CENTERPIECE: How is your research focus unique in the field of political science and development studies?
RAFFLER: I think it is crucial to understand political oversight of the bureaucracy if we want to explain governance outcomes in weakly institutionalized settings. In the end, politicians are not the ones who are implementing services; for that they have to delegate to the bureaucracy. However, they often have a hard time holding the bureaucracy accountable. That link between politicians and bureaucrats, in my view, has received too little attention, particularly in the study of developing countries. It can be difficult for politicians to control the bureaucracy when they have lower education levels than their civil servants, which is often the case in local governments. In addition, turnover among these politicians is often high, so they don’t have time to learn the rules of the game, unlike career civil servants. In the Ugandan context, for example, local politicians often do not know how many public funds actually arrive from the capital in their own district that they're supposed to oversee. This issue is common in other developing countries as well.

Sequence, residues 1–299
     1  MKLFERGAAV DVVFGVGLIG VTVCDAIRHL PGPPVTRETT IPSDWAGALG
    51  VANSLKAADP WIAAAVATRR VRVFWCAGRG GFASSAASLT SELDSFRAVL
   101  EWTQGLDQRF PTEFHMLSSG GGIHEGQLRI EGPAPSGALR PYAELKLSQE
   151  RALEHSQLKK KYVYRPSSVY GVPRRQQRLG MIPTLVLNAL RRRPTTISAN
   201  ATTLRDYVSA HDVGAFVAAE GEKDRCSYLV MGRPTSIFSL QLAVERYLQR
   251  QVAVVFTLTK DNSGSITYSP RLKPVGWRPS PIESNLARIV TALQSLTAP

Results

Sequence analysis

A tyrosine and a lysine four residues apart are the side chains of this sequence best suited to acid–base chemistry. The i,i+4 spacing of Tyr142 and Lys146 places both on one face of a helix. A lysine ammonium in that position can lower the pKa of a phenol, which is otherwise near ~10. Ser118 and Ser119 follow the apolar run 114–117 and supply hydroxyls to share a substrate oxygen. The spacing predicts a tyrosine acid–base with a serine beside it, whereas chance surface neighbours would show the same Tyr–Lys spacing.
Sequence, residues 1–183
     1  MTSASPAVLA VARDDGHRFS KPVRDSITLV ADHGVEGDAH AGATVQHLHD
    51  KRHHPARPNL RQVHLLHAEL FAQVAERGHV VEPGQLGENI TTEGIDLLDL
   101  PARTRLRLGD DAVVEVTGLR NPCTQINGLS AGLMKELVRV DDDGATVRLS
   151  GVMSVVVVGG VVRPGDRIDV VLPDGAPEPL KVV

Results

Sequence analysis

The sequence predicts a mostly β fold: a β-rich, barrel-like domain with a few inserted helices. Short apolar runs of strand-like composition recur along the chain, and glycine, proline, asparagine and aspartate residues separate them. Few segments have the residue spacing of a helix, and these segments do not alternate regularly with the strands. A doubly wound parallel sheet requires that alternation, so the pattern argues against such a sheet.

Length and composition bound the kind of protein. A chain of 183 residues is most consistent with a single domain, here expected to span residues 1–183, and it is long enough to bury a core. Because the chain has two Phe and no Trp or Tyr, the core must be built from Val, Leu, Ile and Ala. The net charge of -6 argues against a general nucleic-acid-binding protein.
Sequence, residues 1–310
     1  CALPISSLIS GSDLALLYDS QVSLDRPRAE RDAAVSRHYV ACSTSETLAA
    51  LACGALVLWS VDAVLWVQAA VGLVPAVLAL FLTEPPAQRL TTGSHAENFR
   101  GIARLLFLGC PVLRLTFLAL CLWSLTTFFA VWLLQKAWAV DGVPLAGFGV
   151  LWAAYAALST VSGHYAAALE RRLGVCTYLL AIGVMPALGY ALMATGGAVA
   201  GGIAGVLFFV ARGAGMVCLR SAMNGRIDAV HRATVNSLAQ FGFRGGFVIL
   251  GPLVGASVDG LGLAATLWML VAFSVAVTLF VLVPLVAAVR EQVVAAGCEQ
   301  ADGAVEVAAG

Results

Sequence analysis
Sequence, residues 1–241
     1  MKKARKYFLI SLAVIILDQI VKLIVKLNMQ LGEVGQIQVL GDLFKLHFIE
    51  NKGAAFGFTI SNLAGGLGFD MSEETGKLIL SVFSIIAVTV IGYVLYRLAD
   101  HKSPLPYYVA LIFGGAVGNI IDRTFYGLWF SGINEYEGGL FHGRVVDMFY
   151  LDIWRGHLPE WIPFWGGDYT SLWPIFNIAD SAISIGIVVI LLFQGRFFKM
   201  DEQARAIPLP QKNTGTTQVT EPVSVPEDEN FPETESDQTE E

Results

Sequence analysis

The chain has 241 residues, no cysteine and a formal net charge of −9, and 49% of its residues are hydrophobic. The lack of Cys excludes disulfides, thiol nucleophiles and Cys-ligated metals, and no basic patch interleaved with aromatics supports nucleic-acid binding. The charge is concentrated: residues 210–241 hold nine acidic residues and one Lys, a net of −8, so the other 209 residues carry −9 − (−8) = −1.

CENTERPIECE: Is it difficult to work with the very groups that you are hoping to “reform”?
RAFFLER: Well, my role is not to reform governments but to understand the reasons why governments are often not accountable to their citizens. My approach is to work with these same governments or political parties to institute changes in the way they operate in a systematic manner so that we can observe the ripple effects, so to speak, and how they are conditioned by different political, institutional, and economic factors. Part of the process is to design and test reforms that promote accountability, to such an extent that they can accept and own it. It's a fine line to walk.
CENTERPIECE: How do you see the long-term effect of your work?